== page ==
To withdraw a caveat, the relevant form (either a total withdrawal form or partial withdrawal form) has to be submitted through the STARS eLodgment portal. Again, this is usually done by lawyers on behalf of the caveator. A sample of a total/partial withdrawal form is available here.

What Happens If My Application to Lodge a Caveat is Unsuccessful?

The SLA will notify you if your application to lodge a caveat is unsuccessful.

If the reason for the rejection of your caveat is that your application is deficient, the SLA will also notify you of the matters in respect of which the application is deficient.

Examples of when your application may be deemed to be deficient are when the information that you had provided in your application is incorrect or inaccurate, or if there is reason to reject the grounds of your claim as a caveator. In such a situation, you will have 14 days from the date of the SLA’s notification to rectify the caveat, otherwise, your application will be deemed to have been withdrawn.

What If I Wish to Buy a Property That has a Caveat On It?

Before you sign the papers to purchase a property, the property agents and/or conveyancing lawyers involved in the transaction would have performed a title search for you to ensure that there are no pre-existing caveats on the property. This is because, as described above, such caveats may block you from becoming the property’s new owner. A title search determines the current legal owner of a property, and highlights any claims made on the property. It retrieves information from the Land Titles Registry, such as ownership, address, type (e.g. residential or commercial), and encumbrances (e.g. a mortgage or charge over the property).

Alternatively, you may also perform a title search yourself if you wish. You can do so via SLA’s Integrated Land Information Services’ (INLIS) website, where you can search for and download the property ownership information for a fee of $5.25. You can access the information you need under “Product Listings” and “Property Ownership Information”, provided that you have the required information on the property – the address of the property will be sufficient.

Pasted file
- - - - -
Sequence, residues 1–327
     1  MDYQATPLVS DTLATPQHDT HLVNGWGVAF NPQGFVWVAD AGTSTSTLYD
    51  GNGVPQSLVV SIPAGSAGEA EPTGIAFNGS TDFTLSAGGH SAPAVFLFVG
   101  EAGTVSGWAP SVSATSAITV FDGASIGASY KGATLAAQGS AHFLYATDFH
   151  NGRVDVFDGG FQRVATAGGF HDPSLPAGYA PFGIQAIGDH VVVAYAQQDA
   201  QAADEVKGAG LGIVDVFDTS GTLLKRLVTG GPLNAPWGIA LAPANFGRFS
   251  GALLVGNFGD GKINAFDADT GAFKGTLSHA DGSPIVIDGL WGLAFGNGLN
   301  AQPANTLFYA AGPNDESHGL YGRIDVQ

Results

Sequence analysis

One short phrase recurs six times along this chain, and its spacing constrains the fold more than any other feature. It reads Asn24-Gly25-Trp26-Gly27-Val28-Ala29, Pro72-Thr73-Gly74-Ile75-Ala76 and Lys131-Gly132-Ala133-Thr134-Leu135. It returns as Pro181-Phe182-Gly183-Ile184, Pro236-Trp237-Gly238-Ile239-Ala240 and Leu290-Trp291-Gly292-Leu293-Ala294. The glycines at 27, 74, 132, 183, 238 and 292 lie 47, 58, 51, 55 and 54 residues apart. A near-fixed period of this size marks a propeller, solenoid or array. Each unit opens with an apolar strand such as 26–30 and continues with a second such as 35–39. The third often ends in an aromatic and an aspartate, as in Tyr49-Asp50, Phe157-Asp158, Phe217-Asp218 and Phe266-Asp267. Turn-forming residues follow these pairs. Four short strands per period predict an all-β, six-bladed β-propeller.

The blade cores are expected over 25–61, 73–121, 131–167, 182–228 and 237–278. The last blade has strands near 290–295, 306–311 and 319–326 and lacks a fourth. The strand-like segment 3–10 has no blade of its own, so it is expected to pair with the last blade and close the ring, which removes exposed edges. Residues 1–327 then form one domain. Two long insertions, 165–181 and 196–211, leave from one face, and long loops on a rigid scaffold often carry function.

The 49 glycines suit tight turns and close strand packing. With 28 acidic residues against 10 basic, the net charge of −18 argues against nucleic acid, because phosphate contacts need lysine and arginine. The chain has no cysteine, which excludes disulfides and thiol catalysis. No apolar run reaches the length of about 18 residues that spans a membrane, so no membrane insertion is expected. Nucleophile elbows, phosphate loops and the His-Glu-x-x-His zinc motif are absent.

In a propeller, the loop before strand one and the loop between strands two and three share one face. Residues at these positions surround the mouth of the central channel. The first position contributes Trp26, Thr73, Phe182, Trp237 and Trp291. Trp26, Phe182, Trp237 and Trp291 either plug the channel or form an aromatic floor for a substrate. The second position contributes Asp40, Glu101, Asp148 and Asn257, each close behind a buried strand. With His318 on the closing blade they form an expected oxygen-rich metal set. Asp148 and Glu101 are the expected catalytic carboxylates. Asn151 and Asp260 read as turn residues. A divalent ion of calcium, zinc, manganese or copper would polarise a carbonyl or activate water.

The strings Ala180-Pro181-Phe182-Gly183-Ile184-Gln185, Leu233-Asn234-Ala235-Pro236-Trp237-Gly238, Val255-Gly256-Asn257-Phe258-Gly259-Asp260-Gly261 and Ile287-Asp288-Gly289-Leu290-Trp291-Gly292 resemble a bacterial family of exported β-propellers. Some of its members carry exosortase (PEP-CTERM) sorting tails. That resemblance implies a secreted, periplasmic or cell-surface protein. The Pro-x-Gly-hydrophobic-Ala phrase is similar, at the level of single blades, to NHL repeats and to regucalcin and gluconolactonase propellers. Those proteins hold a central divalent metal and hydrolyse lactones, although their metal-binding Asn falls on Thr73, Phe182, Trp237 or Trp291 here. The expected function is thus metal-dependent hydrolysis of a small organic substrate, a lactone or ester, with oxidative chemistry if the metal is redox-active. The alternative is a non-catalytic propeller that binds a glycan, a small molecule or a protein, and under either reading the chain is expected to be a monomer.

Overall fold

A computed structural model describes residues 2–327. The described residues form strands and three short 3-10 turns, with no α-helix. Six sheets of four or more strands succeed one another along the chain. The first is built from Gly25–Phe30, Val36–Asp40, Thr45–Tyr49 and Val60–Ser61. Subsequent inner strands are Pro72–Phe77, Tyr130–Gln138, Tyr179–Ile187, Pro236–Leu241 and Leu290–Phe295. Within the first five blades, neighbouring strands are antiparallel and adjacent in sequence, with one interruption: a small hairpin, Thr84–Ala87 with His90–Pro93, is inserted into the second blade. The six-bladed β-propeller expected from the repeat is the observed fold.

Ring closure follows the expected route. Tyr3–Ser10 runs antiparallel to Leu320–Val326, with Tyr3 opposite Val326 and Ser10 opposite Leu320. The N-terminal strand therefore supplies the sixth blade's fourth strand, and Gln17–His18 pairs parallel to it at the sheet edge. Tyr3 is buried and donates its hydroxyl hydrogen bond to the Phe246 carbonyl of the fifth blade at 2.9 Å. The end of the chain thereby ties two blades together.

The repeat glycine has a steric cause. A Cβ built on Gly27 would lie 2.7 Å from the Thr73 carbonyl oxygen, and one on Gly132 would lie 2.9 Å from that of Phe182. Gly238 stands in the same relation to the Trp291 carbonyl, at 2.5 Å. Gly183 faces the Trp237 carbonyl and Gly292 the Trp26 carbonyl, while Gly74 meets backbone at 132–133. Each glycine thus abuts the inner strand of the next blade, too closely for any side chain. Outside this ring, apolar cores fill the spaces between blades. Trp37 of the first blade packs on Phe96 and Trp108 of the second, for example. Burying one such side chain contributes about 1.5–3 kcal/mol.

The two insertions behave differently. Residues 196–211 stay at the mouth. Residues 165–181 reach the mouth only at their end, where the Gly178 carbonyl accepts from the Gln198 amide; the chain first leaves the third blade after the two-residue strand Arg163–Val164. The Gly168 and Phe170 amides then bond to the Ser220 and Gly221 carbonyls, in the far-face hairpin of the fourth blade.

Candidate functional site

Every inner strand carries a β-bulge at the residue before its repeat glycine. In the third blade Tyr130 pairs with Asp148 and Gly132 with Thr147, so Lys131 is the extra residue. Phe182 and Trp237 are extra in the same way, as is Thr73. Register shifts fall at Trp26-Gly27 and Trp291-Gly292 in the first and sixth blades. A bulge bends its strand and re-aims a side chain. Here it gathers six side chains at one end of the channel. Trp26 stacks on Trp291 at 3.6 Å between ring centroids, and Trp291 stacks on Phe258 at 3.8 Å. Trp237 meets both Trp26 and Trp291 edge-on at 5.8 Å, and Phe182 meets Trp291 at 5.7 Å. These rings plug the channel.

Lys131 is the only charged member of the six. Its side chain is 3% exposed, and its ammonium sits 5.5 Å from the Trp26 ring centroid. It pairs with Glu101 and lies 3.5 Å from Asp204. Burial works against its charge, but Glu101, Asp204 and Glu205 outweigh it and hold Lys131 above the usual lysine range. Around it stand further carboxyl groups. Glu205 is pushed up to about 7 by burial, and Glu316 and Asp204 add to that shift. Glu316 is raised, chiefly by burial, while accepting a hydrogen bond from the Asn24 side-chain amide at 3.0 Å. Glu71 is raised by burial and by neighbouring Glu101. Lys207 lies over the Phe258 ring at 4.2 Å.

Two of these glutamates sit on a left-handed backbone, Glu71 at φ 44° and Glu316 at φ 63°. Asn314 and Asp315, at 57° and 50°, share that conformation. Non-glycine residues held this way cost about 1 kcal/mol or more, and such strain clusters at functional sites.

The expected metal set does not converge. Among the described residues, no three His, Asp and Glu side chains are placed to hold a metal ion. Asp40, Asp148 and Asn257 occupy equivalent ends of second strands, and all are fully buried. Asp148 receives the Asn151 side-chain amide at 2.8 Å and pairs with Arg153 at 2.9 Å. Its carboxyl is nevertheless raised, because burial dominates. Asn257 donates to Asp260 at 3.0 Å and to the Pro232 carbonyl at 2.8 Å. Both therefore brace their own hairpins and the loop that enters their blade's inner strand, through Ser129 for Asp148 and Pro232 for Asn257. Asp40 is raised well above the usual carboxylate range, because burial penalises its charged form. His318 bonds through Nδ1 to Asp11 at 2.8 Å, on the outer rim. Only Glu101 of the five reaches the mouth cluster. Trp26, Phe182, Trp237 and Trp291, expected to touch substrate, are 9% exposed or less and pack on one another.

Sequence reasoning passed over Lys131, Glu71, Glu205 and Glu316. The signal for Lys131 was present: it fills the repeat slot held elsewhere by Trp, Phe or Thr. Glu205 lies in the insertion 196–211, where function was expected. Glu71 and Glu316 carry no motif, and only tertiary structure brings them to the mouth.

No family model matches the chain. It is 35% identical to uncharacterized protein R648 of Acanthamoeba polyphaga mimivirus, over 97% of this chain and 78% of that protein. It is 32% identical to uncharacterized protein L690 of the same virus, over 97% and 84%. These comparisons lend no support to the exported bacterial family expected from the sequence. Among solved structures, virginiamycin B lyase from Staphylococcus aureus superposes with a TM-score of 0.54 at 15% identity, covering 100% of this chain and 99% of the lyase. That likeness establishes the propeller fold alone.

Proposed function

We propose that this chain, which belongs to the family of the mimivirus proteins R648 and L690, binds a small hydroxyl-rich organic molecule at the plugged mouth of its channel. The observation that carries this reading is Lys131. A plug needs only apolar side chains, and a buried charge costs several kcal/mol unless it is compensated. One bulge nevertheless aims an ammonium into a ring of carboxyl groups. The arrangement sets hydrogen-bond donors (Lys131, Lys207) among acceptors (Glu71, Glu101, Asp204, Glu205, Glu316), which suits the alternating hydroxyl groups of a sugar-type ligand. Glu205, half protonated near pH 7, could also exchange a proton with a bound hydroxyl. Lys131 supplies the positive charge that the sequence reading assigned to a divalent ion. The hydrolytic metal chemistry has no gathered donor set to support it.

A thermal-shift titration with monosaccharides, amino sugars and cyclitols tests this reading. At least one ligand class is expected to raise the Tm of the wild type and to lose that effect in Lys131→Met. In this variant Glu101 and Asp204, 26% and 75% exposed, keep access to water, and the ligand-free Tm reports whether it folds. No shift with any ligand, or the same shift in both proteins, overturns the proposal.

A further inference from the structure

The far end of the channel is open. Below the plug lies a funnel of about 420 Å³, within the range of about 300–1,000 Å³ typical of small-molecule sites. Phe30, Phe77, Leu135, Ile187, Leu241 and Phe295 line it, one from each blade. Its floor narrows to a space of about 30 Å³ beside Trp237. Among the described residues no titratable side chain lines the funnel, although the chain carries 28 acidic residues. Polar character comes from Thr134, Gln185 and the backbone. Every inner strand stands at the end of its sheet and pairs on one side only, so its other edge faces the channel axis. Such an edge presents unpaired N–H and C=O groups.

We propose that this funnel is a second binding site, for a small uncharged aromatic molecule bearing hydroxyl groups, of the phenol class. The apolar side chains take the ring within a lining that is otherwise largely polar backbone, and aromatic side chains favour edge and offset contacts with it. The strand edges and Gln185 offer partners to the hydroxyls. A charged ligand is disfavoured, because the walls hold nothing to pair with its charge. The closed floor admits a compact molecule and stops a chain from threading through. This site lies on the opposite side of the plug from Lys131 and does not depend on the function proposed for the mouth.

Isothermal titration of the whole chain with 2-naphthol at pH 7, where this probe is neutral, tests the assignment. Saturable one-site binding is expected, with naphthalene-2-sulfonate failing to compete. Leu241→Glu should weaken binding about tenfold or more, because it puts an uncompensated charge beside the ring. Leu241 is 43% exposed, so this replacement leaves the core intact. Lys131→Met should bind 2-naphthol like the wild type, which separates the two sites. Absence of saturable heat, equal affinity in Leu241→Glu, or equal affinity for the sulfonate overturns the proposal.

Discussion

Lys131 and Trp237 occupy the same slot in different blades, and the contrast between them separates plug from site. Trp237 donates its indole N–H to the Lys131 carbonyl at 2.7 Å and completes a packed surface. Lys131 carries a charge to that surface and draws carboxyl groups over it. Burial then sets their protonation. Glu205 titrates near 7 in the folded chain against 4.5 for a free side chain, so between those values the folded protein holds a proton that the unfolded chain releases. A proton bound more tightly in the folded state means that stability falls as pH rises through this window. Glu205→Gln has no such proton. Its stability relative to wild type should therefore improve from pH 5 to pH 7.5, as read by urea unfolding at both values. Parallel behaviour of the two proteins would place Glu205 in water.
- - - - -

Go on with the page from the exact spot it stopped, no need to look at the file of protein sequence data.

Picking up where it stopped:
The Urban Redevelopment Authority’s (URA) website also offers a search function that you can use to discover information related to private residential property transactions.

If you or your conveyancing lawyers discover that the property that you want to purchase has a caveat lodged against it, you can negotiate with the owner of the property (i.e. the prospective seller) to, in his/her capacity as caveatee, have recourse to the following remedies:

  • Apply to the court to summon the caveator to attend before the court to explain why the caveat should not be withdrawn or removed, with the goal of obtaining a court order for the caveat to be removed; or
  • Apply to the SLA through the STARS eLodgment portal to cancel the caveat, on the basis that the caveat had been lodged vexatiously or frivolously or not in good faith. Once the application has been made, SLA will inform the caveator. Within 30 days of SLA’s notification, the caveator has to obtain a court order for the caveat to remain on the land register, failing which, the caveat will be cancelled.

Lodging a caveat is an extremely important part of the conveyancing process, but doing so can be a complicated affair, depending on the circumstances of the property in question. This is especially if there are already existing caveats on the property that you are purchasing or if, upon your lodgment of a caveat, another party comes along to lodge a competing transaction that is prohibited by your caveat.

As such, you may wish to engage a conveyancing lawyer who would be able to advise you on how to proceed with the conveyancing transaction, assist with the necessary and essential checks prior to your purchase of the property, and ensure that your interests are protected through the lodgment of a caveat. In the event your caveat is challenged, the lawyer would also be able to assist you to obtain the necessary court orders to extend the time of operation of the caveat.